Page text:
By Bryan Rahija
A new online tool may shed light on the government's use (and abuse?) of the state secrets privilege, an evidentiary rule that allows the executive branch to resist court-ordered disclosure of information during litigation if it believes disclosure would harm national security. The Georgetown Center on National Security and the Law recently unveiled the State Secrets Archives, an online, searchable database of materials related to cases involving the state secrets privilege. POGO caught up with Professor Laura Donohue, who spearheaded the project, to ask her a few questions.
POGO: What's the biggest takeaway you would like the average visitor to get from the State Secrets Archives?
Professor Laura Donohue: The takeaway depends on why the user is going to the Archives. The site is designed to allow users to compile data, look at cross-cuts, and read the primary source documents. So it is a tool that can help users analyze and contribute further to our understanding of state secrets doctrine. Simultaneously, the site is replete with secondary sources that will be particularly helpful both to individuals who already know a substantial amount about the privilege, and who are looking for thoughtful analysis of it, as well as to those who have little or know prior knowledge of the doctrine. The archive provides information on the contours of state secrets and invites users to learn more about how it operates in practice.
POGO: The State Secrets Archives' "About" page says that despite heightened public awareness of the state secrets privilege, "little is known about how it actually works." What is the biggest misconception about the state secrets privilege and how it's used?
LD: The biggest misconception is that published judicial opinions accurately convey how the executive branch is using state secrets. Eighty percent of the appellate courts’ caseload, for instance, is unpublished. Memoranda and orders issued by the courts early in suits may dispose of state secrets cases. And there are numerous voluntary dismissals. In some situations, cases where state secrets is never formally asserted may be treated in a manner consistent with cases where it has been asserted and upheld. What this means is that we have been missing the bulk of the cases that deal with state secrets—and, in the process, missing how the doctrine actually plays out in litigation.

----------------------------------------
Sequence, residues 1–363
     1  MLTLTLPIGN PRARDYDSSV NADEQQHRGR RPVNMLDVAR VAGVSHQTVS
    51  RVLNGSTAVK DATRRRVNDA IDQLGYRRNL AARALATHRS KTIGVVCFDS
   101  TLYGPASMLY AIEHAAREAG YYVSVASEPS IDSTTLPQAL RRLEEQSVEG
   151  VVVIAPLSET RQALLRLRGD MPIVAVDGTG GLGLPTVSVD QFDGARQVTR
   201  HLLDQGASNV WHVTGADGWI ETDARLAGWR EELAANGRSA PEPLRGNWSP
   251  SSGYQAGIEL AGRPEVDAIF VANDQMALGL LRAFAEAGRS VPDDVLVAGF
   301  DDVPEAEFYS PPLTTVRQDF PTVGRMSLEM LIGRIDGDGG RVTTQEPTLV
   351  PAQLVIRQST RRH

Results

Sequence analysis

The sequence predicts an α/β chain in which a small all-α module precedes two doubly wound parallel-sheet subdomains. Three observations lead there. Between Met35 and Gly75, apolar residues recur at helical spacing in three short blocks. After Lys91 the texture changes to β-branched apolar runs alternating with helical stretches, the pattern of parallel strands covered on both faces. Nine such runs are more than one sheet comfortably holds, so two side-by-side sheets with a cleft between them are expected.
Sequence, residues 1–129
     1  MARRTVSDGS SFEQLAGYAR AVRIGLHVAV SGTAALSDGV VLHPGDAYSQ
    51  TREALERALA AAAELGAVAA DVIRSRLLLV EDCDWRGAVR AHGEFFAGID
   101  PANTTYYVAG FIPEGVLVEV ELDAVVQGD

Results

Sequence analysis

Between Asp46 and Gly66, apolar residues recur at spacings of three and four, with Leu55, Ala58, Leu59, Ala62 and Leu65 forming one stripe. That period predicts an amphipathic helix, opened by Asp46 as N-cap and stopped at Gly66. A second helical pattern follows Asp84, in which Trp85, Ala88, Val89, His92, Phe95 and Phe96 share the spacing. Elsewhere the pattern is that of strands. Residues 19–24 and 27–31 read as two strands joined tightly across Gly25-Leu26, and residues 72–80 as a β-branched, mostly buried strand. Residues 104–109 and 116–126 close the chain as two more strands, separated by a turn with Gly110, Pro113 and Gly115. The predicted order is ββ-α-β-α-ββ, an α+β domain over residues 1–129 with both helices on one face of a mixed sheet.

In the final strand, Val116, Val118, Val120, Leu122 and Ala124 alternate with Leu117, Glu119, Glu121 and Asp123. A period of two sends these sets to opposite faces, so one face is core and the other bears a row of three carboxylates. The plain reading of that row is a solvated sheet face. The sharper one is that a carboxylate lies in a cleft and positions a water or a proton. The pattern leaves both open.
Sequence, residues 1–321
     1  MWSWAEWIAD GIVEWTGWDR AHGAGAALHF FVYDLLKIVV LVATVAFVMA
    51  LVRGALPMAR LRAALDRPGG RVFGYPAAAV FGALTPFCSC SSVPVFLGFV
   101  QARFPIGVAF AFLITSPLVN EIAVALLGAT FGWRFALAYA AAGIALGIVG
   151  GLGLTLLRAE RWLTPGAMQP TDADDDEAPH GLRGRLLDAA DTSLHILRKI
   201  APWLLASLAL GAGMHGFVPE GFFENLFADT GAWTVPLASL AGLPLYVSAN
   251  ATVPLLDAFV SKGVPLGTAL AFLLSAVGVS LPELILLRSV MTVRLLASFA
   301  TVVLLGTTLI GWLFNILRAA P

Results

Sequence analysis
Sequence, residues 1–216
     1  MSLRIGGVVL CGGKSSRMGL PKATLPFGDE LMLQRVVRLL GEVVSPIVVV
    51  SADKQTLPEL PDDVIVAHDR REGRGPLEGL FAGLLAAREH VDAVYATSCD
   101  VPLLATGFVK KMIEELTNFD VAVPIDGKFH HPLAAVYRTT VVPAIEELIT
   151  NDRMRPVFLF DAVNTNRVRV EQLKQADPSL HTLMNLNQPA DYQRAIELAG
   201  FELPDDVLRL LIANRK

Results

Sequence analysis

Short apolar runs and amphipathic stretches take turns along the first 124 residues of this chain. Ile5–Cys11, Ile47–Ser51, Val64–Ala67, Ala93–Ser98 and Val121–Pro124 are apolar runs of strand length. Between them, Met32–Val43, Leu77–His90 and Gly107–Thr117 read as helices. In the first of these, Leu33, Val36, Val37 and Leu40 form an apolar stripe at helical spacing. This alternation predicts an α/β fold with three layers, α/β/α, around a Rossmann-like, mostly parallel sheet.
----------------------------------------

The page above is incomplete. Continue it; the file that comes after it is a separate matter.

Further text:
One of the biggest surprises in the research was the degree to which state secrets plays a role throughout litigation—particularly when contractors assert it as an affirmative defense. Because of the emphasis on published judicial opinions, what was being lost was recognition of the degree to which what was previously an executive privilege has become a form of private indemnity, insulating contractors in areas that range from environmental law, breach of contract, and patent disputes to employment law, personal injury and wrongful death.
POGO: What seems to be the most accepted reason to invoke state secrets privilege?
LD: Almost without exception, state secrets invocations that address the identity of intelligence agents are upheld.
POGO: Are there any particularly egregious cases of abuse of the state secrets privilege that visitors should examine in State Secrets Archives?
LD: Mohammed v. Jeppesen presents a particularly concerning scenario, because in it the government is essentially saying that no case alleging torture or cruel, inhuman, or degrading treatment in the context of the U.S. Government’s rendition program, can ever be heard in a court of law. The entire subject matter—despite the seriousness of the charges—is beyond judicial reach. This is remarkable in a liberal, democratic state that claims the rule of law as one of its central values.
There are also a number of other cases, such as situations where contractors overseas have allegedly engaged in behavior that has led to the personal injury or wrongful death of U.S. soldiers. This litigation tends to be particularly protracted and may lead to voluntary dismissals when litigants are unable to afford lengthy court battles.
POGO: State secrets privilege recently came up at a meeting between President Obama and open government advocates. What would you tell President Obama about the state secrets privilege?
LD: A new statute, similar to CIPA, needs to be created in order to prevent serious disputes from remaining beyond the reach of the courts. In many cases, the allegations that are at stake are serious, implicating matters that range from wrongful death to Constitutional violations. Simultaneously, in some circumstances, critical information should not be made public. To reconcile these two concerns, new structures are needed to allow the litigation to proceed.
Laura Donohue is an Associate Professor of Law at Georgetown Law and Acting Director of Georgetown’s Center on National Security and the Law. Her latest paper on state secrets is entitled "The Shadow of State Secrets," and was published in the Penn Law Review in March.
Bryan Rahija edits POGO's blog.